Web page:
Archbishop Trench, in his Notes on the Miracles of Our Lord, rejects the theory that the "demoniacs" were simply insane. No doubt, he says, there was "a substratum of disease, which in many cases helped to lay open the sufferer to the deeper evil." But "our Lord Himself uses language which is not reconcileable" with the naturalist theory. "It may well be a question moreover," says Trench, "if an Apostle, or one with apostolic discernment of spirits, were to enter now into one of our madhouses, how many of the sufferers there he might not recognise as thus having more immediately fallen under the tyranny of the powers of darkness."

Dean Milman, the discreet, plausible, and polished historian of the Christian superstition, did not shrink from regarding the New Testament demoniacs as merely insane; and "nothing was more probable," he remarked, "than that lunacy should take the turn and speak the language of the prevailing superstition of the times." Precisely so. But why did Jesus imitate the lunatics? He addresses the evil spirit and not the madman. "Hold thy peace," he says, "and come out of him." No doubt the demoniacs were simply insane; but in that case Jesus himself was mistaken, or the evangelists put into his mouth words that he never used. The first alternative destroys the divinity of Jesus; the second destroys the authority of the evangelists.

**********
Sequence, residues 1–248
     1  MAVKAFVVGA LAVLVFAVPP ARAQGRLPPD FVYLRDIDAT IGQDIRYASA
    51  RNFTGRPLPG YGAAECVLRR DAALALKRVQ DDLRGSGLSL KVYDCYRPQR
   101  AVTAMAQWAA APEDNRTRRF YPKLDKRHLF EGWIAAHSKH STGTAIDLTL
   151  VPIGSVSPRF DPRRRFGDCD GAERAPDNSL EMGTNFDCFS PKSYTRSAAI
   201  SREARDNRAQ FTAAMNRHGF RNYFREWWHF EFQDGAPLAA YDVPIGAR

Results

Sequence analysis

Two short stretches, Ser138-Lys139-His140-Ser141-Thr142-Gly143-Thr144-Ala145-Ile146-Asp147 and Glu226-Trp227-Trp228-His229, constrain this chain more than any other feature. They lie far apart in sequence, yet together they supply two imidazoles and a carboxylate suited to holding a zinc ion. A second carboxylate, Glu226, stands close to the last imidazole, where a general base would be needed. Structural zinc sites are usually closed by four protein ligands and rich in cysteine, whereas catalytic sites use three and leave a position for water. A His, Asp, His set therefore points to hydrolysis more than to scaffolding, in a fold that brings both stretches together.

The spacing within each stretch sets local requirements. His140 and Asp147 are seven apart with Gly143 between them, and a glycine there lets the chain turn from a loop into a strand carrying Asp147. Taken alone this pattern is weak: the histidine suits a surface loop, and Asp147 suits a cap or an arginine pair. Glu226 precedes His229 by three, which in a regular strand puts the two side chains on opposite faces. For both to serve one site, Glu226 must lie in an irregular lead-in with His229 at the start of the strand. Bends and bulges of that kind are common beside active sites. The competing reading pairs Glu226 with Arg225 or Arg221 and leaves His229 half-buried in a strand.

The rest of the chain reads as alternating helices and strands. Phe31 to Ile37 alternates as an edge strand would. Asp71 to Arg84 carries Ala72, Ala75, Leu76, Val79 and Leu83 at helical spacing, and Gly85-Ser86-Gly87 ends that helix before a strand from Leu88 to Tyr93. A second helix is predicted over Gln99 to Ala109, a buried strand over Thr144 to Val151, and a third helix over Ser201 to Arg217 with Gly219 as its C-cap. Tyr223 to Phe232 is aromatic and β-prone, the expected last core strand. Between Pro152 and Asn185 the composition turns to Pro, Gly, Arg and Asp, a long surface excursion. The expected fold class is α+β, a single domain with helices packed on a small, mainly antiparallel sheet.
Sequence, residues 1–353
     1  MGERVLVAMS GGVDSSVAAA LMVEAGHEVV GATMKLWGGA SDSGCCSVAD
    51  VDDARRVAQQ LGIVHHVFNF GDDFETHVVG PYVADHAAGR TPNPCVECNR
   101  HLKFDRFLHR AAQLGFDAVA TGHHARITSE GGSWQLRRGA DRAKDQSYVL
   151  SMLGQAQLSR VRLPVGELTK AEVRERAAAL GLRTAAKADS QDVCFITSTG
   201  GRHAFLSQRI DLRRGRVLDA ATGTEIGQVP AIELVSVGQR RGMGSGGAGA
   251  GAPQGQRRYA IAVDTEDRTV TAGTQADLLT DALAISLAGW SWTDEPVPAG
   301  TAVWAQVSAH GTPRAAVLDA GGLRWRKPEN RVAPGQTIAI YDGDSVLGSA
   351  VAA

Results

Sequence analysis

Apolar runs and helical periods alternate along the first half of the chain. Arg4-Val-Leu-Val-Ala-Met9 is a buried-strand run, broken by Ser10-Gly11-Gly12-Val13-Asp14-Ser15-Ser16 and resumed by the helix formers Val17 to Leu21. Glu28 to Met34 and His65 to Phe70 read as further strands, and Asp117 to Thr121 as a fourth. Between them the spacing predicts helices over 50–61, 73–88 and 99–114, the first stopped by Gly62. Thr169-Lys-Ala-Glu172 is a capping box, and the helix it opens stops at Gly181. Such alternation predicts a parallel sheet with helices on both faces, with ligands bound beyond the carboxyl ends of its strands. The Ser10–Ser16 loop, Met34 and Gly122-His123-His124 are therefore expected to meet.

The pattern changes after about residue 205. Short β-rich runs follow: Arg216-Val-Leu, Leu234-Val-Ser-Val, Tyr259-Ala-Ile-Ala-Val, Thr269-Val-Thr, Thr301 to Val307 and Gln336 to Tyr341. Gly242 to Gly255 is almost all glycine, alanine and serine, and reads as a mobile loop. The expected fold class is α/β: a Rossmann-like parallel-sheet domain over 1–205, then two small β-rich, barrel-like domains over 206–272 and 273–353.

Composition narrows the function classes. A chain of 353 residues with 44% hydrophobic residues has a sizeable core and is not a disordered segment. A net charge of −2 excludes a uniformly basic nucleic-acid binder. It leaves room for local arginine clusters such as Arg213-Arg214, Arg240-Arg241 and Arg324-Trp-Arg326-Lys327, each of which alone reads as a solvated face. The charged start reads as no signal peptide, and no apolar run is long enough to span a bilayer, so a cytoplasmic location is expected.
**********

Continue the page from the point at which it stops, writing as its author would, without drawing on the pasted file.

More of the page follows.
Mr. Gladstone's position is the only honest and logical one for a professed Christian. Demonic possession cannot be cut out of the New Testament without leaving a gap through which all the "infidelity" in the world might pass freely. Devils are not confined to hell. They are commercial travellers in brimstone and mischief. They go home occasionally; the rest of the time they are abroad on business. When they see a promising madman they get inside him, and find warmer quarters than the universal air. Very likely they have started Theosophy, in order to provide themselves with fresh residences.

Little devils of course involve the big Devil -- Apollyon, Beelzebub, Abaddon, Satan, Lucifer, Old Nick. He commands the infernal armies, and is one of the deities in Mr. Gladstone's pantheon. He is even embedded in the revised version of the Lord's Prayer -- like a fly in amber. "Deliver us from evil" now reads "Deliver us from the Evil One." Thus the Devil triumphs, and the first of living English statesmen is reduced by Christian superstition to the level of modern savages and ancient barbarians. Mr. Gladstone is perhaps the highest type of the Christian statesman. But how small and effeminate he appears, after all, in comparison with a great Pagan statesman like Julius Caesar, whose brain was free from all superstition! Were the "mighty Julius" to re-appear on earth, and see a great statesman believing the story of devils being turned out of men into pigs, he would wonder what blight had fallen upon the human intellect in two thousand years.